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Armenian-Tatar massacres

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Armenian-Tatar massacres

Armenian–Tatar massacres
Part of Revolution of 1905
Baku oilfields, ca. 1905.
Date 1905–1907
Location Caucasus, Russian Empire
Result Violence quelled by intervention of Cossack regiments
Belligerents
Armenian groups Caucasian Muslim groups[1]  Russian Empire

The Armenian–Tatar massacres (also known as the Armenian-Tartar war and the Armeno-Tartar war and more recently, the Azeri-Armenian war[2]) refers to the bloody inter-ethnic confrontation between Armenians and Azerbaijanis (at the time commonly referred to as "Tatars")[3][4] throughout the Caucasus in 1905–1907.[5][6][7]

The massacres started during the Russian Revolution of 1905, and claimed hundreds of lives. The most violent clashes occurred in 1905 in February in Baku, in May in Nakhchivan, in August in Shusha and in November in Elizavetopol, heavily damaging the cities and the Baku oilfields. Some violence, although of lesser scale, broke out also in Tbilisi.

According to professor Firuz Kazemzadeh, "it is impossible to pin the blame for the massacres on either side. It seems that in some cases (Baku, Elizavetpol) the Azerbaijanis fired the first shots, in other cases (Shusha, Tiflis) the Armenians."[8] The clashes were not confined to the towns, and, according to Swietochowswki, citing Armenian sources 128 Armenian and 158 Azerbaijani villages were destroyed or pillaged,[9] while the overall estimates of lives lost vary widely, ranging from 3,000 to 10,000, with Azerbaijanis suffering higher losses,[10] which stemmed from Azeri mobs being organized poorly and Dashnaks on the Armenian side being more effective.[11]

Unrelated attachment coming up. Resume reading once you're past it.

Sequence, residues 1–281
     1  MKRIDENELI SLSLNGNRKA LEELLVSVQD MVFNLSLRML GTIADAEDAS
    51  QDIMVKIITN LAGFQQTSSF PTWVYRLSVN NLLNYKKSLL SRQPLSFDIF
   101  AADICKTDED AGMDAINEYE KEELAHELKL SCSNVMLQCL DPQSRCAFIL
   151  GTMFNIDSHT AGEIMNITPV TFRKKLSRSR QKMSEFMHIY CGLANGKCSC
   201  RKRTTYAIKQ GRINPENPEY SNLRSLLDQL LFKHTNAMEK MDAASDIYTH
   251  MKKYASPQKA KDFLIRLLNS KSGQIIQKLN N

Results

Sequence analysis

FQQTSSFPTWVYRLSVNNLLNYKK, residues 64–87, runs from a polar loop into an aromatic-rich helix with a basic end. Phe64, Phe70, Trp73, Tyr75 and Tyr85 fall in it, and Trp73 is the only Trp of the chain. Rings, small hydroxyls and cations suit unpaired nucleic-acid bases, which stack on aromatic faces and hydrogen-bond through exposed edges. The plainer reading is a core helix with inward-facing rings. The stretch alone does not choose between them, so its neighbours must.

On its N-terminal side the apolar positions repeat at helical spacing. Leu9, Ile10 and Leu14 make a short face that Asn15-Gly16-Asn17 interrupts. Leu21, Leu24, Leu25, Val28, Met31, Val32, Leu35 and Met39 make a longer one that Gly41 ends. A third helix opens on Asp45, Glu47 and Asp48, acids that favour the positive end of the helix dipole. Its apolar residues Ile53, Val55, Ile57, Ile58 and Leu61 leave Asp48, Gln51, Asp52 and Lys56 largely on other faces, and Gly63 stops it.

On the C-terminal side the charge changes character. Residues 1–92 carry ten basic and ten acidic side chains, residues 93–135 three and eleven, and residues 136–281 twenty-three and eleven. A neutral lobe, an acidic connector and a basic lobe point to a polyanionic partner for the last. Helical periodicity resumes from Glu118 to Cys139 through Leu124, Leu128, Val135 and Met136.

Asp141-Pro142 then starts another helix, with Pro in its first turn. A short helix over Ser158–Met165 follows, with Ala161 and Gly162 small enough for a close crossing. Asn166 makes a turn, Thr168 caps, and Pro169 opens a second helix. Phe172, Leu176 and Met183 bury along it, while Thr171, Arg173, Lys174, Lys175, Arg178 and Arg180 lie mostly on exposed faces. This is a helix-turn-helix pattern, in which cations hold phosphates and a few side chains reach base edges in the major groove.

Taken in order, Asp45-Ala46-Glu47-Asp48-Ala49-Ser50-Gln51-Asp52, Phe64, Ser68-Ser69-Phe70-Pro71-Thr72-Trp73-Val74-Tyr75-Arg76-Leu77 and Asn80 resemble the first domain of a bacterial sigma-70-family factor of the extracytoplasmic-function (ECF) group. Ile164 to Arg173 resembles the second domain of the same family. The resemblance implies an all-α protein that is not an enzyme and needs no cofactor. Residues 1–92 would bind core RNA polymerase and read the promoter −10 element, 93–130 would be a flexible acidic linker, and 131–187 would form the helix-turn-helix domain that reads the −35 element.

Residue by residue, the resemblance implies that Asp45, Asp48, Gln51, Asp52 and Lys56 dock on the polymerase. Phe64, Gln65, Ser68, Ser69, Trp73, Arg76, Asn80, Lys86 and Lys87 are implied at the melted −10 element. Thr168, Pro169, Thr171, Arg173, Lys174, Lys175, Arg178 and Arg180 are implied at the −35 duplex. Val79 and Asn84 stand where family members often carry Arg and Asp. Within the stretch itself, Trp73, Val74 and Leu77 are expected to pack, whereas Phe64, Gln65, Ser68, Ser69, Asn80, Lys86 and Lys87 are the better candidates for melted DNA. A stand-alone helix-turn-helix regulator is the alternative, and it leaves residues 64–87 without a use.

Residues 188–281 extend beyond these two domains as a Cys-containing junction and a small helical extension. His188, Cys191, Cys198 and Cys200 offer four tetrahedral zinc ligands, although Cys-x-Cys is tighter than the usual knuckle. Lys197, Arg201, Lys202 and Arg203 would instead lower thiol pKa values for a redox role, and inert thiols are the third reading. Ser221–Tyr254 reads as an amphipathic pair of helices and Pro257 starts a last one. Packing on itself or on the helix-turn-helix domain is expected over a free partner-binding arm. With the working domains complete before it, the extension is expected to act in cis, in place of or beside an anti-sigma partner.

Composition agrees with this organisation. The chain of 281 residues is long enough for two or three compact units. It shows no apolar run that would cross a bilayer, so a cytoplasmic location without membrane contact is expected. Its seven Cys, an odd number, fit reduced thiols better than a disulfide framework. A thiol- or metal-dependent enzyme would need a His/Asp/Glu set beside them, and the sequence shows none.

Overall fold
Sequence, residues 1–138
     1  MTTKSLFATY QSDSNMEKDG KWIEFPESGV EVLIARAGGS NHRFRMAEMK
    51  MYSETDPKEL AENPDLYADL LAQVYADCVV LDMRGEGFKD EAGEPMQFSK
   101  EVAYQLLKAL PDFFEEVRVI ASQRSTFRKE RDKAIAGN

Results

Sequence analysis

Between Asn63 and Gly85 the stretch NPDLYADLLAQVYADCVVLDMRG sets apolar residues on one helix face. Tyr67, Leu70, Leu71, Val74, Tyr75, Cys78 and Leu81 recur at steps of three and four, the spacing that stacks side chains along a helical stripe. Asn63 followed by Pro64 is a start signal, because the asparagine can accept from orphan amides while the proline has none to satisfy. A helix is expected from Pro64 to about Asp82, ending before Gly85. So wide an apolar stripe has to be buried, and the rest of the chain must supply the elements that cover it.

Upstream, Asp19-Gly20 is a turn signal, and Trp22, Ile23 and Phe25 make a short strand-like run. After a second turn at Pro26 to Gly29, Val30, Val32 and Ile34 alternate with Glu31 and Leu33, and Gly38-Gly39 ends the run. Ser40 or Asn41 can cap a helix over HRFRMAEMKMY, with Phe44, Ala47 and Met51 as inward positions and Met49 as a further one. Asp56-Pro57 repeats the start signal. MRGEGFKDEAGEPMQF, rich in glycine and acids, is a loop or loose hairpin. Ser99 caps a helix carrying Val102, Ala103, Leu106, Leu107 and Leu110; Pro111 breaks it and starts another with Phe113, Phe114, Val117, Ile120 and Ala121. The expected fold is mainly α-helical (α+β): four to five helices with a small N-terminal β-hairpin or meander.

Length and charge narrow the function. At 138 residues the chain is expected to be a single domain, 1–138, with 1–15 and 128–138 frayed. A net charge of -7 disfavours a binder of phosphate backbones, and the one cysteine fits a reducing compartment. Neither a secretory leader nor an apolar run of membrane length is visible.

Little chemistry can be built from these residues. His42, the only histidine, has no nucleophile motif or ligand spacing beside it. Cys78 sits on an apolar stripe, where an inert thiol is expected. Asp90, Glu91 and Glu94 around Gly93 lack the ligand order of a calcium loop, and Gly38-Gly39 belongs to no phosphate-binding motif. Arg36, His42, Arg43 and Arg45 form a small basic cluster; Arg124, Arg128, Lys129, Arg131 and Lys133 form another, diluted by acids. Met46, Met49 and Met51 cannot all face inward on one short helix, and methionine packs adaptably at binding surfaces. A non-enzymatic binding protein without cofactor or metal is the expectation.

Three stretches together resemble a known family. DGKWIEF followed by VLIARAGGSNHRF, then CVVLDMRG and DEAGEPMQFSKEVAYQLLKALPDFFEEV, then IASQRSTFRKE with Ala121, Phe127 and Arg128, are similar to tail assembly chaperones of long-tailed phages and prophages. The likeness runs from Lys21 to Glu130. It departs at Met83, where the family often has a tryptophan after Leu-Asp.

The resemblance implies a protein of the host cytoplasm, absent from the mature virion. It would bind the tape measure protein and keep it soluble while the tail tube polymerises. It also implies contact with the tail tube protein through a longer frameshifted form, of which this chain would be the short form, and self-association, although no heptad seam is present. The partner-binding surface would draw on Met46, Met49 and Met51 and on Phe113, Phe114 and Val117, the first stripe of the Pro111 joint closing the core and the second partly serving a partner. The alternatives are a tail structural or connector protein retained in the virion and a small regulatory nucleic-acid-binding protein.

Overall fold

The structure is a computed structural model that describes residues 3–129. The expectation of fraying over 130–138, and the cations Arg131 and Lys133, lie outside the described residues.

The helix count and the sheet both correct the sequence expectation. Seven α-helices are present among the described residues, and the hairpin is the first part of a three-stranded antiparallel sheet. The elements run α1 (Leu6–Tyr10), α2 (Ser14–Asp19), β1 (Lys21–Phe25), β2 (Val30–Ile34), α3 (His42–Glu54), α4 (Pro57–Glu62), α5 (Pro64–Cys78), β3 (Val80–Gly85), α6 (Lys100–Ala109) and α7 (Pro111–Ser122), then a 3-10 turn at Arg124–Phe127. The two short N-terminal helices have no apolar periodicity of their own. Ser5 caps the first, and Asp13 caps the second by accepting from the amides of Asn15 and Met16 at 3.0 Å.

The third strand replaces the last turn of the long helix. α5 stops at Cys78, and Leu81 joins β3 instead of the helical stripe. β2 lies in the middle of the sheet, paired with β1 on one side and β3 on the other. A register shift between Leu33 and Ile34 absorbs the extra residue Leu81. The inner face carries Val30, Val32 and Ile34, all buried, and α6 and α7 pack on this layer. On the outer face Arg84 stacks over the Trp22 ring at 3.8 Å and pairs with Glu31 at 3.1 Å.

In Baku

According to van der Leeuw clashes started in early February 1905 over the killing of a Tatar schoolboy and shopkeeper by Armenians.[12] 126 Tatars (Azeris) and 218 Armenians were killed during four days of fighting in Baku.[12]

Armenians sources such as Dasnabedian, or Walker claim that Azeris had started the conflict which gave Armenians a reason to give a strong response, Tatars had killed many unarmed Armenians in Baku, in February 1905. Walker also said that, "Tatars were free to massacre with impunity".[12]

13 September 1905 — in the Paris edition of the New York Herald:

In Nakhichevan

After the Baku clashes, Moslem communities in the Nakhichevan district began smuggling consignments of weapons from Persia. By April, murders of Armenians in the district began to assume alarming proportions and they applied to the Russian authorities for protection. However, Villari describes the district's governor as "bitterly anti-Armenian", and the vice-governor in Yerevan as an "Armenophobe".[13]

On the 25th May, acting on a prearranged plan, bands of armed Tartars attacked the market area in the district capital, the town of Nakhichevan, looting and burning Armenian businesses and killing any Armenians they could find. About 50 Armenians were murdered and some of the shopkeepers were burnt alive in their shops. The same day, Tartar villagers from the countryside began attacking their Armenian neighbours. Villari cites official reports mentioning that out of a total of 52 villages with Armenian or mixed Armenian-Tartar populations, 47 were attacked, and of that 47, 19 were completely destroyed and abandoned by their inhabitants. The total number of dead, including those in Nachichevan town, was 239. Later, in a revenge attack, Armenians attacked a Tartar village, killing 36 people".[14]

In Shusha

According to Thomas de Waal in Shusha, "the number of killed and wounded amounted to about 300, of whom about two thirds were Tartars, for the Armenians were better shots and also enjoyed the ad-vantage of position.[15]

In Ganja

See also

References

Notes

Bibliography

  • Luigi Villari (1906), Fire and Sword in the Caucasus ISBN 0-7007-1624-6
  • Thomas De Waal (2004), Black Garden: Armenia and Azerbaijan Through Peace and War, NYU Press, ISBN 978-0-8147-1945-9
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